BWW Reviews: Dual Stories in LAST FIVE YEARS Delivered with Mixed Results

BWW Reviews: Dual Stories in LAST FIVE YEARS Delivered with Mixed Results
Sara Burke as Cathy in Penfold Theatre's THE LAST FIVE YEARS.

They say there are two sides to every story. It's certainly true of love stories, as composer and lyricist Jason Robert Brown explores in his two person song cycle, The Last Five Years. The musical, which has become a veritable cult phenomenon among musical theater junkies, brilliantly juxtaposes the points of view of lovers Jamie and Cathy in the five years between their first date to the day they get divorced. What makes the piece so intriguing is how it's told. The pair alternate solo songs with Cathy telling her version of the story backwards while Jamie tells his version forward. They meet in the middle, and share their only duet, on their wedding day.

Penfold Theatre Company's production echoes the duality of the piece, but not in the best of ways. While there is one incredible performance and a few strong creative choices, the production is hampered by one performer who seems uncomfortable and at odds with the piece and direction and design that doesn't adequately serve the musical.

The best asset of the production is, without a shred of doubt, Sara Burke as Cathy. As she tells her story backwards, her job is much harder than her counterparts as she can't explore her character arc in a natural fashion. Nevertheless, Burke mines the character for all she's worth and highlights Cathy's joys, sorrows, anger, doubt, and self-loathing to create a character who is human, relatable, and absolutely captivating. Burke also plays with the intimacy of the Trinity Street Theater quite well. Her performance is nuanced and understated which constantly draws the audience in. The same can be said of the overall music direction of the show. Director/Music Director Michael McKelvey has opted to streamline the five person orchestrations to just a piano and a violin and has wisely chosen to stage the show unamplified. Those choices highlight just how intimate, haunting, and beautiful Jason Robert Brown's score is.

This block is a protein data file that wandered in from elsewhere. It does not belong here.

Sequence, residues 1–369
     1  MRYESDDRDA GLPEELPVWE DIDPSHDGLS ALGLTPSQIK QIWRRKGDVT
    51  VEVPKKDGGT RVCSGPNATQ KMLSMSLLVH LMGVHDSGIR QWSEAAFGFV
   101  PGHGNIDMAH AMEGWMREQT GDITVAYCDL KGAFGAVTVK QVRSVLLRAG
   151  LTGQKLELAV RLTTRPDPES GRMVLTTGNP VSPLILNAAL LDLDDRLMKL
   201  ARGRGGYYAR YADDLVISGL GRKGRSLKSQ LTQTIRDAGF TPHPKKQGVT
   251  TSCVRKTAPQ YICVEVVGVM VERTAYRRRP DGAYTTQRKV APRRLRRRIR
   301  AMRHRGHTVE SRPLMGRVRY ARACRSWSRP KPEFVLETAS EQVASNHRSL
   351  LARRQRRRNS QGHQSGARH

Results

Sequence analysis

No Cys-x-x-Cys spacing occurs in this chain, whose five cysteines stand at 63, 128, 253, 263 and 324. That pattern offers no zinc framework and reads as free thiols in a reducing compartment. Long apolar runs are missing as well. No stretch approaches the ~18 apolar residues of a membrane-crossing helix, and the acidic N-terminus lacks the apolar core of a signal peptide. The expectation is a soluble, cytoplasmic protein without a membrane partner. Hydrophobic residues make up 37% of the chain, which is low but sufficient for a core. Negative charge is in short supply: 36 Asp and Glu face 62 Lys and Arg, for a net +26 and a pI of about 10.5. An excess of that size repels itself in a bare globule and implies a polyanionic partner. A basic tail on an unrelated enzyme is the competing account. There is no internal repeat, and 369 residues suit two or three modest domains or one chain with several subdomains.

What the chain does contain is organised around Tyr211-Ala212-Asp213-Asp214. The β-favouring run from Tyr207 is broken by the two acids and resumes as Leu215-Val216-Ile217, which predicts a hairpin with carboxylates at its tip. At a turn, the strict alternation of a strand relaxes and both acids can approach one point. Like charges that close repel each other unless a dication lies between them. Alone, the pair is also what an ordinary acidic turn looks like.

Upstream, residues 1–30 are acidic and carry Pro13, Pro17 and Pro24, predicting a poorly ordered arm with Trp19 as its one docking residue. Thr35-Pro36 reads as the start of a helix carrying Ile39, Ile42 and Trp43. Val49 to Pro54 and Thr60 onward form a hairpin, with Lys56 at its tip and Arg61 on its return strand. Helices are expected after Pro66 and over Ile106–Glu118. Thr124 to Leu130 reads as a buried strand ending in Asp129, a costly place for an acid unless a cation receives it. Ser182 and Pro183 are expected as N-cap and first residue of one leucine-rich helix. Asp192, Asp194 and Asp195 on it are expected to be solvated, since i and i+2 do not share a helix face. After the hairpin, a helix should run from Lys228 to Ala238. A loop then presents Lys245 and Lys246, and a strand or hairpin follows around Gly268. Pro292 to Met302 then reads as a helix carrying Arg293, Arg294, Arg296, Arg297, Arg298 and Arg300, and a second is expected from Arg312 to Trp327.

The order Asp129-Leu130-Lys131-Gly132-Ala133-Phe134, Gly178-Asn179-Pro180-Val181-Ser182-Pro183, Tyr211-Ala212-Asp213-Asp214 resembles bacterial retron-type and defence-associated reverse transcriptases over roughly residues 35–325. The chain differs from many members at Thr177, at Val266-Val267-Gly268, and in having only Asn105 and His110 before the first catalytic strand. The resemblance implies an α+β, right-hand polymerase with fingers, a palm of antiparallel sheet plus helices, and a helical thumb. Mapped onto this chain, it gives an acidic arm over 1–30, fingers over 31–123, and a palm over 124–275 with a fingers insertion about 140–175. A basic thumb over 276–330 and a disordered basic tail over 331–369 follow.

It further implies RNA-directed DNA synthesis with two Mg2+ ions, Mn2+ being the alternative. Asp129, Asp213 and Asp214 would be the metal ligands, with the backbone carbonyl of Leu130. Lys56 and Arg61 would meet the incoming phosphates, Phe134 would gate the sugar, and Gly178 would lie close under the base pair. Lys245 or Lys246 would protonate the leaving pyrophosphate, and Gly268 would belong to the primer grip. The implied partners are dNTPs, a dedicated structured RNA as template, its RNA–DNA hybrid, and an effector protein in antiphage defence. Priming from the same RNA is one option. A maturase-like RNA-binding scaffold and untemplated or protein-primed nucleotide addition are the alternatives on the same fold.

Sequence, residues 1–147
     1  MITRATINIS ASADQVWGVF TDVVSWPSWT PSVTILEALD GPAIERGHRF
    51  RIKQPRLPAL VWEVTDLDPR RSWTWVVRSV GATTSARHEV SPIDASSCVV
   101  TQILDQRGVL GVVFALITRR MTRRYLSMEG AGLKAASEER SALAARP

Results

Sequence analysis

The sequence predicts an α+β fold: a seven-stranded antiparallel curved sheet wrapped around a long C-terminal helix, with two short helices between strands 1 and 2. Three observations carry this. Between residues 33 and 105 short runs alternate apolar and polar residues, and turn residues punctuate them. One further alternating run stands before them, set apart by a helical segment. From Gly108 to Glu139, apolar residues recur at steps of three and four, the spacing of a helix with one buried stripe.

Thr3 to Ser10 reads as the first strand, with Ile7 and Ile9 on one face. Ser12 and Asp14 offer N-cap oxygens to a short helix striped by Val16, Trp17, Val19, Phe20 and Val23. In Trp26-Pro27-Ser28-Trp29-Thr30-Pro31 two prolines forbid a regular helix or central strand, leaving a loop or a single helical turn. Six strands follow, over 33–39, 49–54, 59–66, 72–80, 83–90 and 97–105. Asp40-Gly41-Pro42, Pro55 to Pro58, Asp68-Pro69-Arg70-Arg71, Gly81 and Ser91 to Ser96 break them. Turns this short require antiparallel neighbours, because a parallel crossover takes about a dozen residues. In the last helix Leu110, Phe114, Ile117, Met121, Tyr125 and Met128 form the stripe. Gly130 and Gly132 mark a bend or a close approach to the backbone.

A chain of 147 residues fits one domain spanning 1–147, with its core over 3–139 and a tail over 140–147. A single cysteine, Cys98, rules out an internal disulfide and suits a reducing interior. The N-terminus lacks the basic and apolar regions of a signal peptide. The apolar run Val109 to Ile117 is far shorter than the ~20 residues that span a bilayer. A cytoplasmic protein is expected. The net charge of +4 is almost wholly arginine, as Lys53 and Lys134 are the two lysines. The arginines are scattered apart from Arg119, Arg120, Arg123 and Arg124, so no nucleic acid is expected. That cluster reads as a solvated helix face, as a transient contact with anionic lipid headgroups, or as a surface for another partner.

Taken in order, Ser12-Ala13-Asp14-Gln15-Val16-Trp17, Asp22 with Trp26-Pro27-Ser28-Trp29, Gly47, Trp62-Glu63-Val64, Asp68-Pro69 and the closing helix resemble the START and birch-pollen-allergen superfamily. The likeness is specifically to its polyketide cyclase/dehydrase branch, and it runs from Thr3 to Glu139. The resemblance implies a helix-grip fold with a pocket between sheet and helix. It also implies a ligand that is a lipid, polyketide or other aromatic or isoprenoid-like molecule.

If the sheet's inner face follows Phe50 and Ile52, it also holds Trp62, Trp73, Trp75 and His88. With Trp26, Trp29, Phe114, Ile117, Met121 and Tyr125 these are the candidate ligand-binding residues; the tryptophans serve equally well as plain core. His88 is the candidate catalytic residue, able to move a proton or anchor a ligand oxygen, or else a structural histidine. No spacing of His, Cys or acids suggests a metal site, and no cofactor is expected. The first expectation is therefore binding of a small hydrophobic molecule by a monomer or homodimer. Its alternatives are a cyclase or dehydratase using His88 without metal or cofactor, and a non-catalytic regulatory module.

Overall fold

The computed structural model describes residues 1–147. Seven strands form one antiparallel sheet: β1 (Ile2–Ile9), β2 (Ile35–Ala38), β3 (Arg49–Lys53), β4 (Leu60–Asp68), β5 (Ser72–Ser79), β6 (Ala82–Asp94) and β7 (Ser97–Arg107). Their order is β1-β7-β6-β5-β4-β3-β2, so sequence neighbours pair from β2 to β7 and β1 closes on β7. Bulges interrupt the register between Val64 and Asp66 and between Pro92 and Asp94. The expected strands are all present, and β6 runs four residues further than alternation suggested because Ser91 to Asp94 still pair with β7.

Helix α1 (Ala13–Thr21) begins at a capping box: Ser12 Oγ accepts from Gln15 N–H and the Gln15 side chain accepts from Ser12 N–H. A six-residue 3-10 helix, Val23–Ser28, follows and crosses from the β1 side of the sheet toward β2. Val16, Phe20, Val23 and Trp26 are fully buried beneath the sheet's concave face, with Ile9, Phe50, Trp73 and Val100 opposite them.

Sadly, McKelvey doesn't fare so well as Director, a shocking statement to make considering how most of his trips to the director's chair lead to some of the best musicals produced in Austin. The biggest problem with his direction is the stale staging. Most of Cathy's songs are played with her standing downstage left while Jamie often delivers his downstage right. The lack of variety in staging is problematic, and the placement of the actors, when paired with the thrust-style seating in the Trinity Street Theater, means that many in the audience rarely get a good look at the faces of the two performers.

The set design, by David Utley, doesn't do the show any favors, either. Utley's fully realized studio apartment set, complete with a kitchen that the characters never use, is beyond pointless and confusing, especially when only a handful of the show's 16 songs actually take place in the apartment. It's hard to hear lyrics like, "I can't believe you really came and that we're sitting on this pier" when the actress delivering the lyrics is sitting on the edge of a bed. This show can, and probably should, be done without a set at all. It's not about where these characters are but what they are feeling, and Utley's set distracts from the emotions rather than enhancing them.

Still, the most puzzling disappointment of the production is David Gallagher as Jamie. Gallagher, who starred as Jamie in Penfold's first production of The Last Five Years, seems completely uncomfortable and miscast as the New York Jewish goofball/novelist. Rather than playing to the space like Burke, Gallagher goes over the top, especially during his comedic numbers, making all of his choices ring false. While there's an honesty to what Burke brings to Cathy, there's no honesty or authenticity to be found in Gallagher's Jamie. We're constantly reminded of an actor acting, and acting rather poorly, all of which is amplified when there's nothing and no one to compare him to but Burke.

In this round of Cathy vs. Jamie, Cathy delivers the K.O.

THE LAST FIVE YEARS, produced by Penfold Theatre, plays the Trinity Street Theatre (901 Trinity Street, 4th Floor, Austin 78701) now thru April 12th. Performances are Friday and Saturday at 8pm and Sunday at 5pm. Tickets are $20 regular, $18 students/seniors. For tickets and information, please visit www.penfoldtheatre.org




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From This Author Jeff Davis

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